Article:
One thing I noticed immediately was the absolute silence, especially if you’re walking down the street, the little buzz coming from the engine is almost inaudible. The Mini E feels quite snappy and after a few minutes of driver-car bonding, I decided to push it a little bit. Coming from a powerful petrol engine, I have the tendency to push hard and fast on those gas pedals, and while the Mini E didn’t react as powerful or quick as my 335i, I found it to be very satisfying.

While the acceleration is pretty much in-line with the regular cars, the braking system takes a bit to get used to it. If any of you have ever driven an electric cart, then you would understand exactly what I’m going to tell you next. While you can brake by just slamming the pedals, the Mini E will quickly slow down if you let go the gas pedal, in contrast with the slowly coast to a stop in a gas or diesel powered car. It did feel weird for a few moments since the car will not keep its momentum of inertia and I was in a constant fear that someone behind will hit me.

So, I had to ask this question when I returned: do the brake lights activate when you release the gas pedal? “But of course” was the answer I received instantly, so it seems Mini has taken the steps to prevent any potential accidents. But I would love to see the Mini E having a smoother slowdown and sequentially. To go back for a second to the deceleration system, Mini recommends using this feature as a braking system since while doing this, the motor acts as a generator recharging the large battery pack.

With 200 horsepower and the lack of differential shifting and revving stages, the Mini gives you instant power from any speed and it rolls off the front-wheels quite fast. And speaking of the front-wheel drive transmission, I believe Mini made the right choice for now. A fair amount of snow on the road or some slippery roads might give the driver quite some trouble moving the Mini E forward, so the choice of a faster, better rear-wheel drive transmission could possibly not be the right answer for now.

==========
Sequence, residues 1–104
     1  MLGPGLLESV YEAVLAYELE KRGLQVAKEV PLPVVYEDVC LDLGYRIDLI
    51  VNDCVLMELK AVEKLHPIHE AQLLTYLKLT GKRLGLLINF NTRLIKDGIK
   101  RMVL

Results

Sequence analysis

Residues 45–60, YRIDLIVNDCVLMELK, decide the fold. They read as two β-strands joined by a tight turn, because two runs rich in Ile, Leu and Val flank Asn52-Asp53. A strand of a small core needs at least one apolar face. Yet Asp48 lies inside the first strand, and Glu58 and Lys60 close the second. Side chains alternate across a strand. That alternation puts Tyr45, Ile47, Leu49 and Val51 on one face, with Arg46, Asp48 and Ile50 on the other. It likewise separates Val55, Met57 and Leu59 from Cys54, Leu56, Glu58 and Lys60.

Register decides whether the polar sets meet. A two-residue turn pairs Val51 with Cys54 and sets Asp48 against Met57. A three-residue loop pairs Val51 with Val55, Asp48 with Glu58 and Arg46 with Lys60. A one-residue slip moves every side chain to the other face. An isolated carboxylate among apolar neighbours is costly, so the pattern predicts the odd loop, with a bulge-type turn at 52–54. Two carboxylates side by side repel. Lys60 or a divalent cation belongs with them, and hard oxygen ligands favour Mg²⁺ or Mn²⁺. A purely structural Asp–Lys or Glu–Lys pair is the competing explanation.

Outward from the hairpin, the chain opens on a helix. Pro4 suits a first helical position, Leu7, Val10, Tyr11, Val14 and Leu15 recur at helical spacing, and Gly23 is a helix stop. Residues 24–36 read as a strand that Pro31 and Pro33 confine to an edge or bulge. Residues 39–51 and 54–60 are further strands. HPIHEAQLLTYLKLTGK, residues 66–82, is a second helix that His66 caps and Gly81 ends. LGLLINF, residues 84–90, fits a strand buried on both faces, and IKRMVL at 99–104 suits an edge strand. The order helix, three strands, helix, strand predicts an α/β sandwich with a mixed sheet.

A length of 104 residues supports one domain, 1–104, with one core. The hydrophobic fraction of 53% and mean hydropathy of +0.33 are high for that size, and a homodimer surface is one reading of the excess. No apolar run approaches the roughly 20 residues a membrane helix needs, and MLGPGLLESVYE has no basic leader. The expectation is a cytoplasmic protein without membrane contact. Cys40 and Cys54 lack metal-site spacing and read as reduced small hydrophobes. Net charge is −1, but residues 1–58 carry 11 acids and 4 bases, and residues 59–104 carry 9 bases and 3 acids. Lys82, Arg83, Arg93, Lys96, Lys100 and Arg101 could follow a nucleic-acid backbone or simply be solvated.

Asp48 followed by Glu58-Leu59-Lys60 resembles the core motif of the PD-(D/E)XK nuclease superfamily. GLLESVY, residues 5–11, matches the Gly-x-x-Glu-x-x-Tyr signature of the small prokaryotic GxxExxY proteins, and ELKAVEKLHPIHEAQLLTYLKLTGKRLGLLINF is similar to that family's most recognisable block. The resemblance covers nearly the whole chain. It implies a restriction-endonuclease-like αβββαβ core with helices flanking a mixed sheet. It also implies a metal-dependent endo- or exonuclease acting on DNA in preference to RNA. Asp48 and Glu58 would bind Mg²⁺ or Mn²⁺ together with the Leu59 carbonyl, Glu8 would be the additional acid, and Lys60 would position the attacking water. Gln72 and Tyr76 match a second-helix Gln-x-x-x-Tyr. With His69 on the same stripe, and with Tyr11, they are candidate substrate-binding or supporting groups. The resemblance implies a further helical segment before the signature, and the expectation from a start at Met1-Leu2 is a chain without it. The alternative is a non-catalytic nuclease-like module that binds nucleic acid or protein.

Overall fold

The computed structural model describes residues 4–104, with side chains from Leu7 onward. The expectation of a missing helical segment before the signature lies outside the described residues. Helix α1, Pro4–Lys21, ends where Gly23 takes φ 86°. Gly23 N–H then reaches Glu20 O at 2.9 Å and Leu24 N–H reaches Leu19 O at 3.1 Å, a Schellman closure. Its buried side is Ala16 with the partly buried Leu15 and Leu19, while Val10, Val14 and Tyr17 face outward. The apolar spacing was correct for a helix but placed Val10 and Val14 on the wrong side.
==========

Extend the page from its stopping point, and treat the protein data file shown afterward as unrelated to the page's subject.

As Josh mentioned as well, the cornering performance is pretty impressive and it feels that the front wheels carry you through. I also felt that the Mini E has more torque steer than a regular Mini Cooper, but I would need to drive it more to establish that.

And while we’re on the cornering and turning subject, for the past few days I have been teasing you with a story about the Mini E and a little incident I had. I already told you about my aggressive driving style, so I while applying this to the Mini E and trying to cut a sharp corner while pushing hard and instantly on the gas pedal, I managed to “crash” the software. The Mini E’s engine just stopped and I was left in the middle of the road with an warning sign displayed. So, I had the BMW/Mini guys drive over and rescue me. A quick push of a button in the trunk and a restart of the engine and I was up and running again pretty fast, but being the crazy guy that I am, instead of returning to the base, I decided to take the Mini E further in the test drive and see if the issue will replicate. Everything went smooth afterwards.

While the Mini engineer was “resetting” it, I was curious to find out more about the issue I just experienced and apparently, there is a small software bug that due to the fast push on the gas pedal and an almost instant braking, might cause the car to stop. The engineer did not seemed to worried and the issue is already being fixed by Mini in the next software update.

Of course, I dashed for the digital camera to immortalize the moment since I thought it would be unique to see myself standing next to Mini E I just shutdown.

Overall, driving the Mini E was one of the most fun, interesting, unique and exciting test drives I have ever experienced and I believe in the future of electric cars. Despite the few shortcomings (e.g. lack of rear seats, limited driving range and city charging station), this is a technology that BMW will invest in more in the future, Project i is just the beginning. And the first step into this direction will be unveiled at the Geneva Auto Show where a BMW 1 Series will be displayed and available for testing in an electric version.